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Ask Tufts Experts January 2010 Issue

Q: I’ve often read in your newsletter that all fats contain about 120 calories per tablespoon. So why does my butter package say a tablespoon contains only 100 calories?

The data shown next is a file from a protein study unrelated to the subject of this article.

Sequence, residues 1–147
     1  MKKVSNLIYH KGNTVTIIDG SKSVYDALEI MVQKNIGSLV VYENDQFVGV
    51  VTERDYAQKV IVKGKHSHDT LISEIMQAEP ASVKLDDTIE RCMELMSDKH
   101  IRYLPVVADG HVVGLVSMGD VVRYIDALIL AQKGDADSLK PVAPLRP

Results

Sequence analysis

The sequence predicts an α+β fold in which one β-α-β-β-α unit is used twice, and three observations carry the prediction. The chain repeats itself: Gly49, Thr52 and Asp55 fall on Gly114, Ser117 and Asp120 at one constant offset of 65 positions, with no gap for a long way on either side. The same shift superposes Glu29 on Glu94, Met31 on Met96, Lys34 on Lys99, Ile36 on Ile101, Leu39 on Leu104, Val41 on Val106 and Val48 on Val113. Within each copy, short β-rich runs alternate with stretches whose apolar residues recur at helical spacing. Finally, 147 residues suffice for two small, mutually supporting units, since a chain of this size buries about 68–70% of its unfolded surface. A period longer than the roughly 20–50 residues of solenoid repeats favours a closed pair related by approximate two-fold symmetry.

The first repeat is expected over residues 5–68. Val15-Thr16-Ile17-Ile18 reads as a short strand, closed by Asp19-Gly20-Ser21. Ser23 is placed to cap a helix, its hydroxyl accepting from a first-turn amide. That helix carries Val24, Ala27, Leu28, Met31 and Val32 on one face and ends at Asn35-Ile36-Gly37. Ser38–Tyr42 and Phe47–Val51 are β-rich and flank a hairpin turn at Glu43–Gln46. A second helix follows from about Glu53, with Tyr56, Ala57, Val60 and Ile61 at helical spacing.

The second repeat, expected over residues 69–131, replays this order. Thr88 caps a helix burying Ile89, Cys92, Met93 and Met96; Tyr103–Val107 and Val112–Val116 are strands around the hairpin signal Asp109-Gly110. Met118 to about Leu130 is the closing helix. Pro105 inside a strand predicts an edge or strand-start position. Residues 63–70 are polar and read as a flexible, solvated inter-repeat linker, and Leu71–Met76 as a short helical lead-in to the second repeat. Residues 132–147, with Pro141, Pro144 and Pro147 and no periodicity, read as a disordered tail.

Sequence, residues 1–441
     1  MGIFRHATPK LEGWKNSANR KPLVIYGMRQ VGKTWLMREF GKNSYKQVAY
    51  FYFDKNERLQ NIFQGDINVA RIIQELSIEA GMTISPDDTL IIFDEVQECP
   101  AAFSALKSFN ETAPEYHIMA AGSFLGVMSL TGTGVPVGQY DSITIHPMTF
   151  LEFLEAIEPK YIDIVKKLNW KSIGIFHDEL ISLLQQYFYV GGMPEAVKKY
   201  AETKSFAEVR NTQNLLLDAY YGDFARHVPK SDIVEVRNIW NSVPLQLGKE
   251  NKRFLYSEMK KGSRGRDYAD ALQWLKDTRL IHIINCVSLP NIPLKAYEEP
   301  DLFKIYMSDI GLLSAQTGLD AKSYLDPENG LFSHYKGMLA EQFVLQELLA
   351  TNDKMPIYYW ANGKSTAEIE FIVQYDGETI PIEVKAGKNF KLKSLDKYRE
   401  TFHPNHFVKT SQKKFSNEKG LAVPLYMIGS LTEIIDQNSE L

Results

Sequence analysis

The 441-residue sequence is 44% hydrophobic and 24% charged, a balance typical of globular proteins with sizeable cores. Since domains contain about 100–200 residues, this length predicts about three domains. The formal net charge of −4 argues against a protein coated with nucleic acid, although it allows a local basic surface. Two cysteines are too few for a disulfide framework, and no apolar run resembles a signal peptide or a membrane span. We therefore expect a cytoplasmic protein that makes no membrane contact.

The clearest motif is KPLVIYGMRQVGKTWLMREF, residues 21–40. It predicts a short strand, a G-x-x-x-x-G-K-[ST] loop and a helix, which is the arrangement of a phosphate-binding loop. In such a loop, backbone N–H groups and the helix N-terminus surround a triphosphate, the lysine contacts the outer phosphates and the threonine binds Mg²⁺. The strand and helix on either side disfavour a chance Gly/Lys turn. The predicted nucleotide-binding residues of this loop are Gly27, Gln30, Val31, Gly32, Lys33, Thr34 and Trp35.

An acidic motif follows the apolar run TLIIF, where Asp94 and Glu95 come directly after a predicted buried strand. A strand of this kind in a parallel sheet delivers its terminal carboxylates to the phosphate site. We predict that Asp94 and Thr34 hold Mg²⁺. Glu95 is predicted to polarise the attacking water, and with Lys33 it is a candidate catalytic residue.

Answer :  The total calories per serving is different between oil and butter because a tablespoon of oil contain a full tablespoon of fat whereas a tablespoon of butter does not. According to Alice H. Lichtenstein, DSc, director of Tufts’ HNRCA Cardio - vascular Nutrition Laboratory, butter is about 20% water, by weight; it also contains some milk solids. Vegetable oil, however, is 100% fats, 0% water. A tablespoon of clarified butter (or “ghee”), which has been heated to evaporate the water and then skimmed to remove milk solids, does indeed contain about 120 calories. Although marginally lower in calories than a tablespoon of vegetable oil, that tablespoon of regular butter also contains 7.3 grams of saturated fat--a good reason to stick with liquid vegetable oils that are lower in this key culprit contributing to unhealthy cholesterol levels.

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